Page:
Outdoor Life

How do birds fly?

Info Guru, Catalogs.com

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Bird in flight
But where is that airport?
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Some facts about birds and flight

How do birds fly is an ancient question even pondered in ancient Greek mythology when poor Icarus with his wings of wax flew too close to the sun. Birds and their means of flight, feathers, have been a source of mystery and wonder down through the ages, and peacock feathers for example, are ironically considered valuable symbols of good luck and well being even though these dramatically beautiful birds never mastered the art of how do birds fly.

The answer to the question, how do birds fly is complex, as birds are capable of flight due to several diverse and highly specialized adaptations. The next time you notice birds congregating around a bird feeder, watch them closely. Their bones are hollow and light, but strong, and their high metabolisms supply their bodies with energy. One of the most important biological aspects of how do birds fly concerns a bone called the furcula, also known as the “wishbone,” which is located in the chest. This bone is what makes it possible for birds to produce the strength and skeletal support necessary to flap their wings.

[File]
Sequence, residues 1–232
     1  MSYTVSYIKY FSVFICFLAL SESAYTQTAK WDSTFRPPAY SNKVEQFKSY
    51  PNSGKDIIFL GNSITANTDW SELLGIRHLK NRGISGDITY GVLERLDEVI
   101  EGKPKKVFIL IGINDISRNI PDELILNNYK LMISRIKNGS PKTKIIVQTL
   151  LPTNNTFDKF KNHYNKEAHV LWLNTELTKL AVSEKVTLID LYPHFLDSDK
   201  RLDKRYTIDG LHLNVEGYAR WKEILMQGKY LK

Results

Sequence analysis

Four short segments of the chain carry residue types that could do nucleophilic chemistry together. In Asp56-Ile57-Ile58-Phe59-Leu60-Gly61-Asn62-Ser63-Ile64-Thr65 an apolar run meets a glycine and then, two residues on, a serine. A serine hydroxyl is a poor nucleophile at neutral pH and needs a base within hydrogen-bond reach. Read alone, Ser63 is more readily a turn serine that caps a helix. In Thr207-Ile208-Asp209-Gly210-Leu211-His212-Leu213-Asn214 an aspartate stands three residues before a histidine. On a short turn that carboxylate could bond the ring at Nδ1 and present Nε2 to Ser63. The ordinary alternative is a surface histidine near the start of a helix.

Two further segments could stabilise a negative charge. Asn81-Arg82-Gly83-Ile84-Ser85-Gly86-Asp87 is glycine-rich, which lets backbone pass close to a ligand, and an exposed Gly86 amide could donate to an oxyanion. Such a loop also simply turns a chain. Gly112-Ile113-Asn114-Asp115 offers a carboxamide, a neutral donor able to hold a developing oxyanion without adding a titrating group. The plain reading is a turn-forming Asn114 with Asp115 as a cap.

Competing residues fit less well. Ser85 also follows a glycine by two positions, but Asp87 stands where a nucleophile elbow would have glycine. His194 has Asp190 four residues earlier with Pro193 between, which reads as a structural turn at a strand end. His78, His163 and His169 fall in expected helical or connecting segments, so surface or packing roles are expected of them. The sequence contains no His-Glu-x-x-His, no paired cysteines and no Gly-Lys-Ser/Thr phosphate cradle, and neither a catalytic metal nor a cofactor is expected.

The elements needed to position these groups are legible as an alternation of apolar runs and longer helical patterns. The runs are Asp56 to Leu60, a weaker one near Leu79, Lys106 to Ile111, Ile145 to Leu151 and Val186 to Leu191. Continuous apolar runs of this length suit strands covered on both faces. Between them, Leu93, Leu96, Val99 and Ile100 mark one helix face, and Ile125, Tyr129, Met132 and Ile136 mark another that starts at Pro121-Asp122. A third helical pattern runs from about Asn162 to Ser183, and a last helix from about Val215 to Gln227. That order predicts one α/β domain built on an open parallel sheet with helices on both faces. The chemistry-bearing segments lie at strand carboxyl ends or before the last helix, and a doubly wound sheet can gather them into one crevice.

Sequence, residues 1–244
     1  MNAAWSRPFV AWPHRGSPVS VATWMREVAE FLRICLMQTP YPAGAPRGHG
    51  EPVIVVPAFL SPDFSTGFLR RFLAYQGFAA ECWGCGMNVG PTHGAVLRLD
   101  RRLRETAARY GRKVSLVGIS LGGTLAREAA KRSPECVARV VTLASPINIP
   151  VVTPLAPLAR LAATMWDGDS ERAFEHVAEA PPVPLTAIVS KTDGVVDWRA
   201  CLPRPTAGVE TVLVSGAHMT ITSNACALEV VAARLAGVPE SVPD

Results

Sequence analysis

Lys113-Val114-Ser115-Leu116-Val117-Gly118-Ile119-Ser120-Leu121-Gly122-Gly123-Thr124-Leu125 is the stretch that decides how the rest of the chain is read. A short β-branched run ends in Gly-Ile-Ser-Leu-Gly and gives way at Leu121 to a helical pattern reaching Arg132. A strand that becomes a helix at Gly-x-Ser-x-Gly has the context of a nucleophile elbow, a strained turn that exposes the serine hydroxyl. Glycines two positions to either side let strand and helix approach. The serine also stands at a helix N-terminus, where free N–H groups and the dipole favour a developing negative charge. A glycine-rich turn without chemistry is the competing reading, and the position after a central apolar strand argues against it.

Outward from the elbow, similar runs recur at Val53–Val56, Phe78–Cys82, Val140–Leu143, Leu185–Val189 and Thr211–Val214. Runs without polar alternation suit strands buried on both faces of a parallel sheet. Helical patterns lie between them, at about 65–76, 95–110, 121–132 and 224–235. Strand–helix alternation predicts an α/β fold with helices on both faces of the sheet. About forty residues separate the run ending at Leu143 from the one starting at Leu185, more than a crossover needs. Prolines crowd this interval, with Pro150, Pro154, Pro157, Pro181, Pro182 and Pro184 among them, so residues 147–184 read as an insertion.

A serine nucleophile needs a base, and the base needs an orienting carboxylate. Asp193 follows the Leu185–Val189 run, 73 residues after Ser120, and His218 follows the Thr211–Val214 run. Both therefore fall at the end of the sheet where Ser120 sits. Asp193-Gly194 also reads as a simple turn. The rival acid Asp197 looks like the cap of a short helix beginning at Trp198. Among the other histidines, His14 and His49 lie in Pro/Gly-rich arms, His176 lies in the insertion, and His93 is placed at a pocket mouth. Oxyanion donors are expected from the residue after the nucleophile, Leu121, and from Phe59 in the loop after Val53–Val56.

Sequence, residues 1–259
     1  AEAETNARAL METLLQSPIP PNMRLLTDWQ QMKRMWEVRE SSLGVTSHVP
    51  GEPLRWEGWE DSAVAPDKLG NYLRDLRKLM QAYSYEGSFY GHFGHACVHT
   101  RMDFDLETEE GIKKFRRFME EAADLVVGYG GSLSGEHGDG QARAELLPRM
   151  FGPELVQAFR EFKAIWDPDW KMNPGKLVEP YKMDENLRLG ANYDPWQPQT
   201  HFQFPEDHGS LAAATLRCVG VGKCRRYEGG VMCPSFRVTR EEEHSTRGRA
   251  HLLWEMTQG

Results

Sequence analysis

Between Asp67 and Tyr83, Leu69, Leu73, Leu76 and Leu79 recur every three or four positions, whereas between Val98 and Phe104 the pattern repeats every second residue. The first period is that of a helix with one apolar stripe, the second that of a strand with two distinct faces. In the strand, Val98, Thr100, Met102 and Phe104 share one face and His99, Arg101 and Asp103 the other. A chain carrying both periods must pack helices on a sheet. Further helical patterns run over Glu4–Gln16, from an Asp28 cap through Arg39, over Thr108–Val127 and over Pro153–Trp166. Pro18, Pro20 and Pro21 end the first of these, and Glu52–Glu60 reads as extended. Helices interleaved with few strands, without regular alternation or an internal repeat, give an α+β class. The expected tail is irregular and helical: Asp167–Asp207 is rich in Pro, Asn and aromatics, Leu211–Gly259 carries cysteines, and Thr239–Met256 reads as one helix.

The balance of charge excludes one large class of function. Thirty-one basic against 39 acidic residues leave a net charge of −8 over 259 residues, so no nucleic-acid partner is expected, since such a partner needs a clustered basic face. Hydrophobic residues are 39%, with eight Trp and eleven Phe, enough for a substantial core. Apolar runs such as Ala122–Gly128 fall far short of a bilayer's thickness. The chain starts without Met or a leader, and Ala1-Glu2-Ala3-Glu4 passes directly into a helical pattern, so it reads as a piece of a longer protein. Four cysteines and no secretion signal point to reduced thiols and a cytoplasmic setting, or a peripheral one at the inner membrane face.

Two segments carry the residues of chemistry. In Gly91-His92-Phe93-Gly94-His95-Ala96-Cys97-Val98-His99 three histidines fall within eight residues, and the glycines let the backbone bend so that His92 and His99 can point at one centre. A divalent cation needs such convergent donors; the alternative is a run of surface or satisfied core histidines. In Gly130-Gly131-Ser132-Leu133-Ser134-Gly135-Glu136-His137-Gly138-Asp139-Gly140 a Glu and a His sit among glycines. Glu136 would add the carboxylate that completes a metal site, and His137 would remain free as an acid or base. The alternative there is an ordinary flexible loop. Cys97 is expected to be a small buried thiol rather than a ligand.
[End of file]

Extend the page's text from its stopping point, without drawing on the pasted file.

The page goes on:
How do feathers and wings aid in the bird’s ability to fly?

Light feathers catch the air, making the mechanics of flight not at all unlike that of an airplane. Controlled flight is a phenomenon that occurs with the interaction of several factors; lift, weight, thrust and drag. By flapping their wings, birds create thrust and lift, and they are able to steer by alternating the shape and orientation of their wings and tail.

 If a bird is gliding through the air, the wings push air down and the air pushes them up. Partly, the push comes from the angle at which the wings are held and partly from their curvature. The air travels faster above the bird’s wing than it does below, and this lowers the pressure above the wing.

Birds are unique creatures in the animal kingdom because of their beaks, feathers, and other anatomical features, all of which make it possible for them to fly. The shape of a bird's wings insures that the right amount of air runs both above and below them to not just help them get up in the air, but also to stay there. An animal must be lightweight or it will require too much energy to push off the ground and get into the air. (Hippos sure can’t do it.) Feathers help them to catch the air that keeps them in flight!

Human fascination with birds dates back to the dawning of civilization. People have always marveled at these incredible creatures and wondered how do birds fly. It was only after carefully studying the flight and locomotion of birds that early 20th century inventors like the Wright Brothers were able to construct machines that would fly through the air.

It’s pretty clear that birds do a better job of flying than most sober people do, but then birds are not exactly the thinkers that human are, are they?

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